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Wellness & Beyond

Recognizing the Unique Mental Health Challenges of the BIPOC Community

July 25, 2023

By Sharon Greenbaum

BIPOC Mental Health Month is a time to highlight and recognize the unique experiences and mental healthMental Health American BIPOC graphics challenges faced by Black, Indigenous, and people of color. Observed each July, BIPOC Mental Health Month was designated in 2008 in honor of Bebe Moore Campbell, a mental health advocate and author whose work focused on the wellness needs of the Black community and other underrepresented groups.

Mental Health America’s theme for this year’s campaign is Culture, Community, and Connection, representing the three pillars that MHA identifies as essential for mental health in the BIPOC community. The first pillar — culture — provides a sense of identity and belonging to one’s traditions. Storytelling, music, dance, and other cultural traditions allow individuals to reclaim their narrative. In community, people find validation and understanding through shared experiences. Therefore, strengthening community networks is essential to combating the negative impacts of racism and to creating spaces that prioritize mental health. Lastly, isolation negatively impacts mental health, so it is vital that individuals find connection with others to sustain their well-being.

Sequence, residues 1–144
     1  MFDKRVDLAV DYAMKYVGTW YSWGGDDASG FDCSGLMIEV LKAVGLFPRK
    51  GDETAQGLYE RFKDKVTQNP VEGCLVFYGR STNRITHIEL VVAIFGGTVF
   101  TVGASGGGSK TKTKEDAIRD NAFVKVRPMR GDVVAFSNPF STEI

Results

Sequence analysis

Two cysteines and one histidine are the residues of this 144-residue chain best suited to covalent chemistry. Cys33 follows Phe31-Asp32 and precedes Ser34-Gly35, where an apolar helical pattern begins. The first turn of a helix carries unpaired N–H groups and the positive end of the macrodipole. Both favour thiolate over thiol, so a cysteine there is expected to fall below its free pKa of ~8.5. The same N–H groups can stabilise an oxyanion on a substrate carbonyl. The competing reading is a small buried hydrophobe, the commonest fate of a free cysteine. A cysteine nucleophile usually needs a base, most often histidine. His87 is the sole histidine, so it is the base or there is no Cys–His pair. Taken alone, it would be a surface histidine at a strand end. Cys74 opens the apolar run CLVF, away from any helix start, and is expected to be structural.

Our environment plays a crucial role in influencing our mental health and overall well-being. For BIPOC people, there is a unique burden of historical trauma that significantly affects their ability to thrive, both individually and collectively. The effects of colonization, slavery, forced displacement, and racism are passed down through generations, creating, contributing, and exacerbating mental health struggles. Acknowledgment and understanding of this historical context are crucial for addressing mental health disparities.

It is important that we continue to learn and develop both cultural competency and cultural humility, and to recognize and address the unique mental health challenges faced by BIPOC clients. At the D.C. Bar, our Lawyer Assistance Program (LAP) is dedicated to offering free and confidential mental health services. LAP counselors understand the importance of providing access to resources and ensuring that clients feel supported throughout their journey.

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Sharon Greenbaum is a senior counselor with the D.C. Bar Lawyer Assistance Program.